A chance meeting with a lady from the URC Church in Darwen led me to invite her husband to write for Rapport. John East is Asylum Seeker Coordinator for the ‘Blackburn with Darwen’ area. He generously invited four asylum seeker families on four days to their house between 18th and 25th December for Christmas dinner. What a blessing that Margaret is a good cook who rarely panics!
Asylum and refugee issues bring emotive thoughts and feelings to the minds of most people. Media coverage, especially by some national tabloids, fans the flames of fear and ignorance, and some of middle England’s Christians may never have met or experienced the richness of working with asylum seekers and refugees ― victims of world injustices and witnesses of the terror of volatile governments.
As a ministerial team member of Darwen Churches Partnership, a regular, full member of the URC church in Darwen and coordinator for Blackburn Diocese and Churches together in Darwen, I meet and work with some of the 4,000 asylum seekers dispersed to the North West, awaiting a result of an asylum appeal.
In fact, over 350 asylum seekers live in Blackburn with Darwen: people from Iran, DR Congo, Zimbabwe, Somalia, Ethiopia and Eritrea; from both Christian and Islamic backgrounds. Our visitors are made to feel welcome and safe within our community.
Some are successful and gain the status to remain; others wait for the court’s decision and are in limbo with their lives on hold. Up to 20 are made destitute and add to an already unacceptable level of poverty and deprivation in the North West.
Over the last 3 years, the churches have responded with emergency food parcels, furniture, friendship and love ― a visible demonstration of God’s love and care for the needy, who are often isolated, traumatised and marginalised.
Many of the churches, and especially the Darwen Churches Partnership, have met the challenge ‘head on’ with support to change the way these very lonely and vulnerable people living within our community are treated.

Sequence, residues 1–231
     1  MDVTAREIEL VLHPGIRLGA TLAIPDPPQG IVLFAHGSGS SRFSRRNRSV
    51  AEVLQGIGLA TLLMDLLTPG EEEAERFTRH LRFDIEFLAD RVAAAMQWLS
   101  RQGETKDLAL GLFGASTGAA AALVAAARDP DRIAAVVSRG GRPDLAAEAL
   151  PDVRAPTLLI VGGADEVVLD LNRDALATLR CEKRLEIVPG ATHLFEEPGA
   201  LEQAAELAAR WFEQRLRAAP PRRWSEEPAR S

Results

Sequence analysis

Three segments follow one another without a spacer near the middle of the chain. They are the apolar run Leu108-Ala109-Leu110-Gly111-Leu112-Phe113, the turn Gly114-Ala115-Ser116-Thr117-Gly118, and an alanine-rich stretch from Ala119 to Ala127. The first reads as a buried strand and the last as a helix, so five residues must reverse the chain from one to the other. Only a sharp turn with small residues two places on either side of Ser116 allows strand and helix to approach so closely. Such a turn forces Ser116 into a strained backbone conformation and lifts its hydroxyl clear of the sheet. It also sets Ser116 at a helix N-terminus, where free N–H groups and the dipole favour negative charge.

Clearly, ‘asylum’ and ‘refugee’ status needs to be unpicked. Asylum seekers are those seeking permission to remain claiming a violation of human rights, by physical, political or religious persecution. Those granted refugee status can now stay for up to five years in relative safety in the UK, or, in our case, in the Blackburn with Darwen area.
At Central URC church in Darwen, where my wife, my family and I worship, 20 asylum seeker and refugee individuals and families have been welcomed; they regularly worship with us. During the past three years, six have been accepted into church membership, six have been baptised and one couple have renewed their marriage vows.
A whole variety of church members from the DCP have caught this vision, supported by their congregations. The asylum and refugee community is mission on our doorstep. Accepted by most, there is a sharing of traditions and cultures enhancing our worship and church life. We find ourselves at the ‘cutting edge’ of cultural diversity, social justice, integration and cohesion. A refugee from Zimbabwe said, “Once I just existed, but now through my new life and friends in Darwen, I can live my life to the full with God’s help and guidance.
It is a joy to know and serve alongside John and Margaret and many others involved in this work. In the DCP we thank God for their openness to welcome, their example in serving and their generous kindness to the stranger in our midst. Please remember them, all asylum seekers, refugees and those who work with them in your prayers.